What do your patients talk about after they leave your consulting room? One way to find out is to lurk on the many internet chat sites devoted to health and health related issues. Several of these have contact lens threads, the content of which can be either interesting or frightening, depending on your disposition. A lively topic recently has been that of silicone allergy, with many contributors apparently convinced that this is the reason for their red eyes, discomfort, itchiness, etc., etc. Interestingly, some appear to have had this suspicion confirmed by their eye care practitioner, which of course, lends legitimacy to the condition in the eyes of many (pun intended), and belief in silicone allergy does exist among contact lens professionals. Given current prescribing trends , together with the news that silicone hydrogel lenses have recently breached the bastion of daily disposability, it looks probable that these lenses will effectively replace their conventional counterparts in the not too distant future. It would be a matter of major public health concern if a significant numbers of allergic responses were precipitated as a consequence.
Are there reasonable grounds for such anxiety? Searching the academic literature via Medline using combinations of the keywords silicone, allergy, sensitivity and contact lenses actually returned no relevant references. Relaxing the search parameters to include responses from the entire eye produced the same result. Based on these outcomes, it seems clear that either, researchers are not interested in this area, or they have insufficient evidence to merit a publication.
Perhaps there is more noise on the subject outside the circle of formal academic media? Both the Food and Drugs Administration in the United States and the Medicines and Healthcare Products Regulatory Agency in the UK maintain reporting systems for medical device problems. These are open to the general public as well as practitioners, but again, neither contains any notification linking contact lenses with silicone allergy or sensitivity.
It seems then, that clinicians are not encountering this problem or, at least, are not identifying silicone as being associated with distinct, observable signs. While references to reactions in other body sites such the ear  or throat , can be found, they are few in number and it must be concluded that true silicone reactions are exceedingly rare phenomena. Given that silicon is one of the most abundant substances on earth and silicone products are, and have been for some time, extremely widely used in medicine and many other areas, perhaps this should not be so surprising.
What then, is upsetting the eyes of our wearers engaged in their internet chat? While silicone sensitivity is, perhaps, not totally impossible, the available evidence is that other causes are overwhelmingly more likely. A wide range of entities encounter the lens surface during wear, handling, storage or manufacture. These might include tear film proteins, cosmetics, care products, bacteria, pollen, chemicals etc. As silicone hydrogel lenses interact with their surroundings in a much more complex way than their conventional forbears, the scope for one or more of these factors to become associated with the surface and create a contaminant having reactive potential is evident.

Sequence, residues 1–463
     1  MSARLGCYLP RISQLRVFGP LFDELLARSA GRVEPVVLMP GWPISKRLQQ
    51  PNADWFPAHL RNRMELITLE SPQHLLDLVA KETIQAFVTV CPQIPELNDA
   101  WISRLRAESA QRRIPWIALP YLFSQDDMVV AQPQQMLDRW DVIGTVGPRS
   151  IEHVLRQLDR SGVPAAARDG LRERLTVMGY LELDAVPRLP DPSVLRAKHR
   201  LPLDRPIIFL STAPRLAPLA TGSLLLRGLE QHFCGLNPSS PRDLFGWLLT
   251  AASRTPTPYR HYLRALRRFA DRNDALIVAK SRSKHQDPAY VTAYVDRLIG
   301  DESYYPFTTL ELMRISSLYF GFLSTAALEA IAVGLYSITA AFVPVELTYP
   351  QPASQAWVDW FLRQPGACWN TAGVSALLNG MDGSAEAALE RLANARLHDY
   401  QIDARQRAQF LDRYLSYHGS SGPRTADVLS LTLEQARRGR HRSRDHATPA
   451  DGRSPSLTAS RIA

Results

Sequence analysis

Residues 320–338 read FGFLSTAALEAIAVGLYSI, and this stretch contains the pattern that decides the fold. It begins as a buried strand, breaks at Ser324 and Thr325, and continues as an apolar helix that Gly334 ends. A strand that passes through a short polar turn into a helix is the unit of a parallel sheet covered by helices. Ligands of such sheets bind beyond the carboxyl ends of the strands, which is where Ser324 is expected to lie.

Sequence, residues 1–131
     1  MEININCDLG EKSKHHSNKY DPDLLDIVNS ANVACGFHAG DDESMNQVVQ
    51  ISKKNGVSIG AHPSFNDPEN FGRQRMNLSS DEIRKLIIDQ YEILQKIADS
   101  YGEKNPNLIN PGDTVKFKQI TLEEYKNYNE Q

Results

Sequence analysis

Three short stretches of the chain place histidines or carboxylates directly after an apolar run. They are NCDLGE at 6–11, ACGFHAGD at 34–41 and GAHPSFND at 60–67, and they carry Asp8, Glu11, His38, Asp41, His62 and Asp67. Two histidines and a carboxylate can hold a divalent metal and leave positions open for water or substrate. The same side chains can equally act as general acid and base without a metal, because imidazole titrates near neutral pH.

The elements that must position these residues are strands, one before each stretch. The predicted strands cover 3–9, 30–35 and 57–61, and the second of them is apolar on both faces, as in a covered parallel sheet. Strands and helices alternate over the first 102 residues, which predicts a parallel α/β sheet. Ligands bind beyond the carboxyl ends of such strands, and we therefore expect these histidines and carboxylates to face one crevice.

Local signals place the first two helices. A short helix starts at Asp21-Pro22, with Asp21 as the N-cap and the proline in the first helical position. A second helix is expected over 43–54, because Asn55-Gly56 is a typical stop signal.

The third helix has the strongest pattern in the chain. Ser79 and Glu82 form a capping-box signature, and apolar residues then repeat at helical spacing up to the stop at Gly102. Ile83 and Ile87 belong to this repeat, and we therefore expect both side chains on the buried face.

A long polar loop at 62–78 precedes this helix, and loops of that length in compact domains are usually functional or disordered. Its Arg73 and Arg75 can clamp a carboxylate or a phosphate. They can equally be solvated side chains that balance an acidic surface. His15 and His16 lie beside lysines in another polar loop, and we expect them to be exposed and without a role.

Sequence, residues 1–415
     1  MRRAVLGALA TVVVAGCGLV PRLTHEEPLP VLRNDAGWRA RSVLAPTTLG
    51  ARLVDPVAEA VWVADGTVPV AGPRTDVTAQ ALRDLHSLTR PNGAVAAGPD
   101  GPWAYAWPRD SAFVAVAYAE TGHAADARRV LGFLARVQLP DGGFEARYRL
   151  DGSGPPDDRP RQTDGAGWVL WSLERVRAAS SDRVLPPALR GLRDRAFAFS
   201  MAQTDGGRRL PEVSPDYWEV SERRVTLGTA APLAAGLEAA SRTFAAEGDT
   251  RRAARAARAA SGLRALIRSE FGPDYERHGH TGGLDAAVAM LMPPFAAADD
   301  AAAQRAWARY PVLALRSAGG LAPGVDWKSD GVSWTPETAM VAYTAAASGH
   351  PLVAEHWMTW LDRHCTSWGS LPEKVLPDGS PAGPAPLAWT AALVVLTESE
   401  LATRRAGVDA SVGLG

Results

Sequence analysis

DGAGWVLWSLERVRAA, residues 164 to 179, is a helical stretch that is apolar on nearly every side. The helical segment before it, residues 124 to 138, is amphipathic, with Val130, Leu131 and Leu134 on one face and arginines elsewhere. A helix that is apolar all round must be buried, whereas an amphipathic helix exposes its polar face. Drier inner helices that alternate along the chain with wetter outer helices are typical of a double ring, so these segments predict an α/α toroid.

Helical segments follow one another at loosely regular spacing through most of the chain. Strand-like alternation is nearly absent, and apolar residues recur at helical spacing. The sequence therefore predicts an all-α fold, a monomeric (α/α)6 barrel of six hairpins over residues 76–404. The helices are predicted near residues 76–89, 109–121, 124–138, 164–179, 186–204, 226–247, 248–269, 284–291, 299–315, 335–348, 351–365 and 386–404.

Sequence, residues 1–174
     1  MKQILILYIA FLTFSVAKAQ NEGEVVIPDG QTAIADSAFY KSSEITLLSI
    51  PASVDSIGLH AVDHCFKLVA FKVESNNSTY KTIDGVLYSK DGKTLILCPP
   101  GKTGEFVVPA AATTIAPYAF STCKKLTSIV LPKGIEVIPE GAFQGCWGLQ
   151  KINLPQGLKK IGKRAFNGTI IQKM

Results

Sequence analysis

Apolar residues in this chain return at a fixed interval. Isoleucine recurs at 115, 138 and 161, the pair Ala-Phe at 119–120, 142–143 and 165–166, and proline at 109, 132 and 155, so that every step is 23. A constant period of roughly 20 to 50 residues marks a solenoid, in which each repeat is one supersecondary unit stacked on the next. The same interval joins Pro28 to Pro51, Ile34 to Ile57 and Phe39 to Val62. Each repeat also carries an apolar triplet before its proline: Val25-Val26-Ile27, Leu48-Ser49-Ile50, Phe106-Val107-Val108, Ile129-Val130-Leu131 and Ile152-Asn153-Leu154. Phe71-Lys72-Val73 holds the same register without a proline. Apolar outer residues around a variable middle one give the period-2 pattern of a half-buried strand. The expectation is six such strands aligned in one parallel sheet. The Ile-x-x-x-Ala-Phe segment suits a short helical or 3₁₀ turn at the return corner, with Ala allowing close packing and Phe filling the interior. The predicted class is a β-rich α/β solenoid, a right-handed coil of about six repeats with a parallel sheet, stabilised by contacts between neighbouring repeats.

From the comments in the chat room it seems that people who encounter this problem generally do so when they switch from a conventional, into a silicone hydrogel, lens. Perhaps bells will be ringing at this point, particularly for those experienced enough to recall upgrading rigid lenses from PMMA to RGP. During that process, wearers were often encountered who, despite the clinical advantages of the newer materials, were extremely unhappy and often displayed symptoms like discomfort, redness, discharge etc. Were these allergic reactions to the new polymers? While such suggestions were certainly made at the time they do not seem to have persisted over the years. Both rigid and soft wearers become accustomed to a certain feel and when made to change to another lens type, some will experience, and complain of, symptoms. Variations in surface rheology, protein/lipid deposition, edge shape, geometry, conjunctival interaction etc., are more likely culprits than true silicone allergy however. New shoes often hurt but no-one blames the leather.
To sum up, formal evidence for silicone allergy during contact lens wear is essentially non existent. Should there be a body of clinical opinion with a different view, there are, as mentioned earlier, a number of notification systems in place that will enable the profile of the issue to be raised, given the availability of factual detail. As with all adverse event reporting, the onus is on the practitioner to use them when appropriate cases present.
- http://www.nzoptics.co.nz/Incontact/2007/Jun07.htm accessed September 19th 2008.
- Morgan PB, Woods CA, Knajian R et al., International Contact Lens Prescribing in 2007, Contact Lens Spectrum, January 2008.
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